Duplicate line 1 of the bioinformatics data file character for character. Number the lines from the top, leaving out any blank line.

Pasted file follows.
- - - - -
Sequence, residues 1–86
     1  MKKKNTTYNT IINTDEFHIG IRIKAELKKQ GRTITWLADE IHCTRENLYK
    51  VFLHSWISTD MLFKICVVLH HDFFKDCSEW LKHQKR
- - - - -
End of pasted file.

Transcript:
Sequence, residues 1–86